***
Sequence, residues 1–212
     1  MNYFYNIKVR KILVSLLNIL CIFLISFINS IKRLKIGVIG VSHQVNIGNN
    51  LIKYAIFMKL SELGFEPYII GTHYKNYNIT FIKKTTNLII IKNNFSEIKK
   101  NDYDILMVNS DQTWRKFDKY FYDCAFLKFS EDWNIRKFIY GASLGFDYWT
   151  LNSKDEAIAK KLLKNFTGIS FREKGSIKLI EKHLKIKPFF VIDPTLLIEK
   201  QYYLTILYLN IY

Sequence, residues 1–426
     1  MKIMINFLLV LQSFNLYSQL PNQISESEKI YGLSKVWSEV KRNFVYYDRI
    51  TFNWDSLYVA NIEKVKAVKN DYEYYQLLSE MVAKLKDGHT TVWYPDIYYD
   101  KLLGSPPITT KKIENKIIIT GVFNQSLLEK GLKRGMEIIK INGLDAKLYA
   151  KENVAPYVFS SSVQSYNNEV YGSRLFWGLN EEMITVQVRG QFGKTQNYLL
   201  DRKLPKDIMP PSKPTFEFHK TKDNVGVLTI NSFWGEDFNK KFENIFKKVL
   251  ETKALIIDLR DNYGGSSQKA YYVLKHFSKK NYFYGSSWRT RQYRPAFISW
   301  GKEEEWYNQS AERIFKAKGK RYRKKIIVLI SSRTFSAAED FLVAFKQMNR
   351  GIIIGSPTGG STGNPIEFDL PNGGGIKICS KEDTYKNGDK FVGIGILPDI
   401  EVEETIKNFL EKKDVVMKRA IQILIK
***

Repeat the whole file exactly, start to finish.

Sequence, residues 1–212
     1  MNYFYNIKVR KILVSLLNIL CIFLISFINS IKRLKIGVIG VSHQVNIGNN
    51  LIKYAIFMKL SELGFEPYII GTHYKNYNIT FIKKTTNLII IKNNFSEIKK
   101  NDYDILMVNS DQTWRKFDKY FYDCAFLKFS EDWNIRKFIY GASLGFDYWT
   151  LNSKDEAIAK KLLKNFTGIS FREKGSIKLI EKHLKIKPFF VIDPTLLIEK
   201  QYYLTILYLN IY

Sequence, residues 1–426
     1  MKIMINFLLV LQSFNLYSQL PNQISESEKI YGLSKVWSEV KRNFVYYDRI
    51  TFNWDSLYVA NIEKVKAVKN DYEYYQLLSE MVAKLKDGHT TVWYPDIYYD
   101  KLLGSPPITT KKIENKIIIT GVFNQSLLEK GLKRGMEIIK INGLDAKLYA
   151  KENVAPYVFS SSVQSYNNEV YGSRLFWGLN EEMITVQVRG QFGKTQNYLL
   201  DRKLPKDIMP PSKPTFEFHK TKDNVGVLTI NSFWGEDFNK KFENIFKKVL
   251  ETKALIIDLR DNYGGSSQKA YYVLKHFSKK NYFYGSSWRT RQYRPAFISW
   301  GKEEEWYNQS AERIFKAKGK RYRKKIIVLI SSRTFSAAED FLVAFKQMNR
   351  GIIIGSPTGG STGNPIEFDL PNGGGIKICS KEDTYKNGDK FVGIGILPDI
   401  EVEETIKNFL EKKDVVMKRA IQILIK